Bribery Act to hit Olympics

Elizabeth Fournier
THE BRIBERY Act could hit corporate hospitality bookings at the London 2012 Olympic games, despite assurances that it is not intended to target “genuine” hospitality.

In the long-awaited guidance to the Act, released yesterday after a delay of more than two months, the Ministry of Justice sought to reassure companies that “bona fide recognised as an established and important part of doing business”.

But with a single VIP hospitality package for 10 people to attend the Olympic opening ceremony running to more than £55,000, businesses are keen to err on the side of caution.

“Parliament would be advised to consider the content of the guidance which it issues in light of these concerns,” said Jonathan Walters, a partner in the sport group at law firm Charles Russell.

“It would be a great shame if companies were deterred from entertaining clients at the biggest sporting event to hit our shores since 1966 for these reasons.”

Justice minister Ken Clarke also backed up rumours that some foreign companies listed in London would be exempt from the Act, sparking concern that UK companies could be left at a competitive disadvantage.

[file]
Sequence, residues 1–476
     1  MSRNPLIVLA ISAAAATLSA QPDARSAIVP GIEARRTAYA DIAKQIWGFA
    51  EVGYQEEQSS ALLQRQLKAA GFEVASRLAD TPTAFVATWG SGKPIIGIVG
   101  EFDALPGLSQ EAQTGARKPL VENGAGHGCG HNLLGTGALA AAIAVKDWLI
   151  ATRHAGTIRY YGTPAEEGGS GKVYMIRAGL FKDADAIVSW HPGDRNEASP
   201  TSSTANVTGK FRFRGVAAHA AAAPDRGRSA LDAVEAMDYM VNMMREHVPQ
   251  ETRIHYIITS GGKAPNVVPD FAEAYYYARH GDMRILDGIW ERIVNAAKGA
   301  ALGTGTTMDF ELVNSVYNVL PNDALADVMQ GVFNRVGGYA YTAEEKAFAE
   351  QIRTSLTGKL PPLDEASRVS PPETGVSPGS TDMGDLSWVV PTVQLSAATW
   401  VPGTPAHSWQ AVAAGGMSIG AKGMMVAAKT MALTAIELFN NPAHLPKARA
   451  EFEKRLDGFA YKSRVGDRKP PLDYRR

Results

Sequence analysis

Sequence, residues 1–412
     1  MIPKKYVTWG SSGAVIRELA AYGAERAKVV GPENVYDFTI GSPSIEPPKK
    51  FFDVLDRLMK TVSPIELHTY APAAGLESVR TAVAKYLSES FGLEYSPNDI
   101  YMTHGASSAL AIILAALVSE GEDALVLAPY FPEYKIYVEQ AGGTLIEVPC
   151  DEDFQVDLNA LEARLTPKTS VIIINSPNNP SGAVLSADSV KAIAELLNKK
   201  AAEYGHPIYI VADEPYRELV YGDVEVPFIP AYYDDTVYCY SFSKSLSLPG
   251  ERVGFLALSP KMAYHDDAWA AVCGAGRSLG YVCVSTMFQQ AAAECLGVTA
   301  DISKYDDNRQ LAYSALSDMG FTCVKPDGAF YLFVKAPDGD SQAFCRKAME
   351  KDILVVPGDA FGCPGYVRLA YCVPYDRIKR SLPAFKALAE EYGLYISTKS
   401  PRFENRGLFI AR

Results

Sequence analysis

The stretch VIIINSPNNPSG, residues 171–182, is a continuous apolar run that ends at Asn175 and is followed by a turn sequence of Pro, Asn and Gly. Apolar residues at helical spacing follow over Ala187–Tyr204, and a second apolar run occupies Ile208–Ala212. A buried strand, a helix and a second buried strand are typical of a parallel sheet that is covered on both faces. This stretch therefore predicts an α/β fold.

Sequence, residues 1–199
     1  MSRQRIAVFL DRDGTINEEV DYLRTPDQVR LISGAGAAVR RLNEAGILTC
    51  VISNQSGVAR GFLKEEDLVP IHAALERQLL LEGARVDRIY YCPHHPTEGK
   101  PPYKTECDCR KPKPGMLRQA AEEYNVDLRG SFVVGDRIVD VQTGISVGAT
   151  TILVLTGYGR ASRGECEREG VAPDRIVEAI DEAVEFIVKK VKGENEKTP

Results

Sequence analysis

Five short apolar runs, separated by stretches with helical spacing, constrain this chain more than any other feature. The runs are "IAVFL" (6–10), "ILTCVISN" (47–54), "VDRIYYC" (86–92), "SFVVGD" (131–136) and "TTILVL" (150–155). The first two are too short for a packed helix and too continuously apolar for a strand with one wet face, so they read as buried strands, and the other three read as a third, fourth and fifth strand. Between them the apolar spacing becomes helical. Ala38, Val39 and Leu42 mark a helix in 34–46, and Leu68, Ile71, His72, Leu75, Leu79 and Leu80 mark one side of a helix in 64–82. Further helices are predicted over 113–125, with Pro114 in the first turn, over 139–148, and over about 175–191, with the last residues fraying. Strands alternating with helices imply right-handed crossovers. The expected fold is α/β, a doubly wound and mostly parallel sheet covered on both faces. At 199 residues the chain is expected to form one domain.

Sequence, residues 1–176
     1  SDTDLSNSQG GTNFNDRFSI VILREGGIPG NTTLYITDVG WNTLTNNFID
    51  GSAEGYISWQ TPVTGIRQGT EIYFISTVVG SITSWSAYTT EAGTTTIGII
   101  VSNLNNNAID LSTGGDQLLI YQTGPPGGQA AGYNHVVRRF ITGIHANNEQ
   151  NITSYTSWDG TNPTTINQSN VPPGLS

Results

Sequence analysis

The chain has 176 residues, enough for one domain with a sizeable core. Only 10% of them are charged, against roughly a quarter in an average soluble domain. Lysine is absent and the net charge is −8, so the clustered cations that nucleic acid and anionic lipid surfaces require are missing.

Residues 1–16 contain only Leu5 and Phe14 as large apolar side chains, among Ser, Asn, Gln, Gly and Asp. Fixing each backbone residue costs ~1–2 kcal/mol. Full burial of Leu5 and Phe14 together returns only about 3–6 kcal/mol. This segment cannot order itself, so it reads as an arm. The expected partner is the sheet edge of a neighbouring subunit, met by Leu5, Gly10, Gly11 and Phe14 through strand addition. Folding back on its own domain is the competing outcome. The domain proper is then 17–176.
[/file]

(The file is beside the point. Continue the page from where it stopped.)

“Mere listing on the London Stock Exchange, or just the fact of having a UK incorporated subsidiary, would not necessarily mean the act applies,” he said.

But while Clarke played down the Act’s overseas effect, the Serious Fraud Office – which will be responsible for enforcement – is keen to stress it will exercise a firm extraterritorial hand.

Speaking to a conference of Russian business leaders in mid-March, Serious Fraud Office director Richard Alderman said: “Do not be surprised if the SFO takes a wide view of this phrase so that we can ensure that the policy objective of ensuring competitiveness is complied with,” he said.


The procedures that a company must have in place to prevent bribery should be proportionate to the risks it faces and to the nature, scale and complexity of its activities. This offers welcome respite to smaller companies that are less likely to take part in overseas transactions.

Leadership on preventing bribery must come from management, who should foster a culture within the organisation in which bribery is never acceptable.

Companies will be responsible for ongoing and in-depth risk assessment of its potential exposure to bribery, both internally and by people it’s associated with.

Companies will have to carry out stringent due diligence investigations into anyone they choose to do business with, or who will carry out business on their behalf, in order to mitigate the risk of bribery.

Businesses must make sure that all employees and associates are aware of the official bribery policy and procedures, and provide training on compliance where necessary.

Procedures in place to prevent bribery must be constantly reviewed and improved where potential gaps are found.